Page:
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Pink cherry blossoms against a spring blue sky.

The Day I Met My Birth Mother

You Carried Me: Chapter Fifteen

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  • Erna Albertz, Plough.com

    When telling this part of her story, Melissa muses, “As I think about the violence that had been done to my birth mother and to me, I recall a passage from Genesis: ‘You intended to harm me, but God intended it for good to accomplish what is now being done, the saving of many lives’ (Gen. 50:20).” Do you share this insight? How has God used evil for good in your life?

What happens when an abortion survivor finds and forgives her birth mother, who never knew her daughter was alive?An excerpt from Plough’s new book, You Carried Me.

The world’s favorite season is the spring. All things seem possible in May. –Edwin Way Teale

After a string of rainy and blustery days, the sun emerged from hiding on May 22, 2016 to shine on the kind of spring day that inspires poets to write odes of praise. Olivia and I had an outing planned – we were going to the zoo – and she had been counting down the days with great anticipation.

As Ava slept blissfully under the watchful and loving gaze of Grandma Terry, Olivia and I scurried around the house getting dressed and packing up the car. Ryan hovered nearby; he had planned to stay home with Ava and his mom, but now was having second thoughts.

“I would love you to come, Ryan, but don’t feel you have to. I’m okay. I don’t need to be protected,” I assured him.

“I know that, Missy. I’m not going along to protect you. I just want to be with you and Olivia today.”

Daddy’s decision to join us made what was already a great adventure for Olivia and me even better. As we settled into the car to begin our trip, my mind went back to the second reading at Mass that morning from Paul’s Letter to the Romans, about how “hope does not disappoint.” What had started as a tiny seed of hope in my heart had now blossomed like the spring flowers all around us. Today was the day I would meet my birth mother.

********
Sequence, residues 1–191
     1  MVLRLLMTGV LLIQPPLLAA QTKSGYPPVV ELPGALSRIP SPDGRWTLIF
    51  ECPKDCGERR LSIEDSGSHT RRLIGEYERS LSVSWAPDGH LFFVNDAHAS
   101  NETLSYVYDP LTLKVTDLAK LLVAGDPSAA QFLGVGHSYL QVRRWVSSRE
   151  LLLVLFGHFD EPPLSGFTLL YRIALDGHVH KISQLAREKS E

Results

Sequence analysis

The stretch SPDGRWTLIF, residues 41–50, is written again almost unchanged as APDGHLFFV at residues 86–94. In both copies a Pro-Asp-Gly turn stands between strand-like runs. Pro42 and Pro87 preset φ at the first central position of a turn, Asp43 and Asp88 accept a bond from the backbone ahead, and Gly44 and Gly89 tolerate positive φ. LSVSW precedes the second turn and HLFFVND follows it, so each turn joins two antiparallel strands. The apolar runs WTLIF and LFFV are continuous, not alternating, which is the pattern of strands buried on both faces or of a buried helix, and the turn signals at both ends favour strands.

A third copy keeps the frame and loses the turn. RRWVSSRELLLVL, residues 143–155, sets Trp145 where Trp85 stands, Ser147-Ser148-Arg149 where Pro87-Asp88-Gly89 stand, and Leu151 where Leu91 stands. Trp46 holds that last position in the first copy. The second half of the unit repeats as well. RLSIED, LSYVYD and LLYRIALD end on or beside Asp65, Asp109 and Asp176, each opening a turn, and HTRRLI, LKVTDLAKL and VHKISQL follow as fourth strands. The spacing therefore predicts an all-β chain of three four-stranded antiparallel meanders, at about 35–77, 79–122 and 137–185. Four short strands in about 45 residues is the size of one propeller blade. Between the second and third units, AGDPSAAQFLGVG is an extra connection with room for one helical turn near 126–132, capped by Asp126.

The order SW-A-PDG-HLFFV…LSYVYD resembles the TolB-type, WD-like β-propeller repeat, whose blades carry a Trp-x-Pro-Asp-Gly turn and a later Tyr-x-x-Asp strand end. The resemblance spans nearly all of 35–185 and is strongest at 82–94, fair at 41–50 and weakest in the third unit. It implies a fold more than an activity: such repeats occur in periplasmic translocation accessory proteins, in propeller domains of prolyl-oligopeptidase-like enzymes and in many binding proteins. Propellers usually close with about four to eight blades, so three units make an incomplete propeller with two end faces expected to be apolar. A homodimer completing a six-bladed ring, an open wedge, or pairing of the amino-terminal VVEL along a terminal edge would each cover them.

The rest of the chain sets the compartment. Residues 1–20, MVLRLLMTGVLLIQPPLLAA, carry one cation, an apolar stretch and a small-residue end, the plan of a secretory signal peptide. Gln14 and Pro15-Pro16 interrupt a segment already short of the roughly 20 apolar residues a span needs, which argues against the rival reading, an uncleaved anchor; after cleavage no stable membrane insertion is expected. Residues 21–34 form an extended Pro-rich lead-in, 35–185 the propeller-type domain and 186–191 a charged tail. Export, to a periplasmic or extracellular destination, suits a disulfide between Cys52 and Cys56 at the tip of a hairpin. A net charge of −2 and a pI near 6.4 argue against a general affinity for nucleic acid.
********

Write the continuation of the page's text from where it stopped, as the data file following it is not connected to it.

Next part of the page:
We had inched toward this day over weeks and months and years of getting to know each other from afar, through notes, cards, and e-mails. Susan, my mother’s cousin, had been a constant source of encouragement, always nudging us toward one another with love. Jennifer and I had forged a friendship that grew stronger with each text and e-mail.

Why had it taken so long? I don’t know the answer, but have come to believe that God’s time is ordered always to our happiness. The prospect of meeting my birth mother face to face would have frightened me just a few years earlier. I would have tied myself in knots: What to say? What to wear? What if it doesn’t go well? What will she think of me? But today I only felt gratitude and peace – a peace born of the many baby steps that had led us to this moment, each one guided by God’s gentle, loving hand.

Still, as Ryan, Olivia and I sat watching the sea lions playfully thrash around their pool, a feeling of sheer panic started in the pit of my stomach, urging me to flee. At that moment, my phone buzzed beside me. The text message was from my half-sister, Jennifer. “We’re here!” she wrote. “Where are you?” Ryan and I looked at each other for a long moment, took Olivia by the hand, and stepped out toward the picnic area about a hundred yards away where we had planned to meet. I didn’t see them at first, but then they caught a glimpse of us and started waving. We quickened our pace and they came into focus. They were holding hands, and as I approached I saw Jennifer drop her mom’s hand. In an instant I was enfolded in the arms of the woman who had carried me.

We hugged for a long time – so much love and pain, hope and forgiveness were communicated in that embrace.

“I can’t believe this is really happening,” she said.

“It has been a long time,” I replied.

With tears streaming down all our faces, we made our introductions. I hugged Jennifer as my birth mother hugged Olivia and Ryan. Jennifer had brought her two children, one a tall and willowy girl about Olivia’s age. They became fast friends – cousins – without a moment’s hesitation – as if they looked at each other and recognized a kinship. Jennifer’s little boy was a quiet redhead with a gentle demeanor who was about the same age our Gabriel would have been had he lived.